Landmark study supports controversial Caster Semenya ruling

The governing body of world athletics welcomed a landmark study showing high testosterone helped women run better, saying it justified their decision to bar Olympic champion Caster Semenya from key races.

In a controversial ruling earlier this year, the Court of Arbitration for Sport upheld the IAAF regulations which require women like Semenya, with higher than average natural female testosterone levels, to take medically-prescribed drugs to lower their testosterone levels or be kicked out of competitions.

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A 28-year-old double Olympic champion, Semenya has a medical condition called hyperandrogenism, which boosts her testosterone count. The athlete has refused to take hormone suppressing medication to comply with the regulations.

In a study in the British Journal of Sports Medicine, Swedish researchers found women with higher testosterone could run longer and had more lean muscle mass.

Caster Semenya's ban has polarised opinion in the sporting world. Pic: Getty

The International Association of Athletics Federations - which governs track and field - embraced the study as proof it had done the right thing in barring South Africa's Semenya for high testosterone levels, a primarily male hormone.

"The IAAF introduced a testosterone limit for the female category for the sole purpose of maintaining fair and meaningful competition for women," it said in a statement on Wednesday.

The study, it added, "reinforces our evidence-based conclusion that high testosterone levels give female athletes a significant advantage in some athletic events."

Study sheds light on testosterone benefits for women

Medical professionals had believed that testosterone fuelled strength and endurance in men, but the benefits for female athletes were previously unclear.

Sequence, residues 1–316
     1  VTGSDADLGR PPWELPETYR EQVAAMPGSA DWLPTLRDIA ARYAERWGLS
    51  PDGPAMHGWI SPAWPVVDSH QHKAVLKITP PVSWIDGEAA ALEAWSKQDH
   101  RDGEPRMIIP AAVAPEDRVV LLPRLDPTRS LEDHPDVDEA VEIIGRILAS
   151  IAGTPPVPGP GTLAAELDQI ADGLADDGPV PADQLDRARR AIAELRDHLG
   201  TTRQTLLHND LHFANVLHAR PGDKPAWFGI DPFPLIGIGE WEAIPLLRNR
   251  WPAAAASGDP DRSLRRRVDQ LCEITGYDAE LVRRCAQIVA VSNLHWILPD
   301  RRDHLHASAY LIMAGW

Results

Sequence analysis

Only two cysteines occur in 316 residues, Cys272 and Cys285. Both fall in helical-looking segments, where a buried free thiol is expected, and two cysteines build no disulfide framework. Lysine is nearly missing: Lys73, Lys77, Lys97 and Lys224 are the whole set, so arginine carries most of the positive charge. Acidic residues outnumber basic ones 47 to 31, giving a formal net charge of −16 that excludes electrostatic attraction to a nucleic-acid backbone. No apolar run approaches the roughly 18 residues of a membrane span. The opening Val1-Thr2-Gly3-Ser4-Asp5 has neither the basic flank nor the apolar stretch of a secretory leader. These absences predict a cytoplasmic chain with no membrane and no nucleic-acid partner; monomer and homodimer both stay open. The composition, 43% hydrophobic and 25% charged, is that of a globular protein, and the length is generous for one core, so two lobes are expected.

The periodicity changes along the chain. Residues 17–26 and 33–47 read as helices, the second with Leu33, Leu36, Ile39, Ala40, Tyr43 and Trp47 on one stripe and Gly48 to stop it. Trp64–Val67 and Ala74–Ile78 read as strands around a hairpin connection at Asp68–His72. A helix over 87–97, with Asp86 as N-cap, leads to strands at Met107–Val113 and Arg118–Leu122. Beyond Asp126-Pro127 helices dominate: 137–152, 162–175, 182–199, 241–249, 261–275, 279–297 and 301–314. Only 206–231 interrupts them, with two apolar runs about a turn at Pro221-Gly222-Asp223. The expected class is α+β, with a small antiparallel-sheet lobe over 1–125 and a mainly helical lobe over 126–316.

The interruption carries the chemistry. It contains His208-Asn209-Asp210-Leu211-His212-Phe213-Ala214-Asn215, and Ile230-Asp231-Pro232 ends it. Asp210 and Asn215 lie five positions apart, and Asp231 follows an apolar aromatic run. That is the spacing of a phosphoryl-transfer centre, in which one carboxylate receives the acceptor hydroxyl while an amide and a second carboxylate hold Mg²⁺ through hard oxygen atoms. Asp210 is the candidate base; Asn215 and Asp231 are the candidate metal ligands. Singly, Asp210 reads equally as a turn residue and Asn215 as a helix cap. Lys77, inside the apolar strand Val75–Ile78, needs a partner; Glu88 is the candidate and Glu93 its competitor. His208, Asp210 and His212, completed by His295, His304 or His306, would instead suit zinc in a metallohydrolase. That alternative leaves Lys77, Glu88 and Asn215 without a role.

No longer, according to the researchers from Karolinska Institutet in Sweden, and other institutions.

"Our study supports a causal effect of testosterone on physical performance, as measured by running time to exhaustion, in young healthy women," said the researchers, whose study was released on Tuesday.

Caster Semenya lost an appeal over her ban at the Court of Arbitration for Sport. Pic: Getty

There was no immediate reaction from Semenya, whose barring from the 800-metre race in September's World Athletics Championship sparked controversy throughout the sporting world.

Her case became a test of where sports authorities draw the line when it comes to athletes whose bodies fall outside standard ranges or who change gender then seek to compete.

On Tuesday in Qatar, the IAAF revamped the rule to add transgender competitors to the list of restricted athletes.

It had based its ban on evidence that it had partly funded and which drew criticism; scholars from the University of Colorado at Boulder said they could not replicate the study and found 17 to 32 per cent of the data used was wrong.

Earlier this year, a Court of Attribution for Sport said while the testosterone regulation was discriminatory, it was "necessary, reasonable and proportionate" to protect "the integrity of female athletics."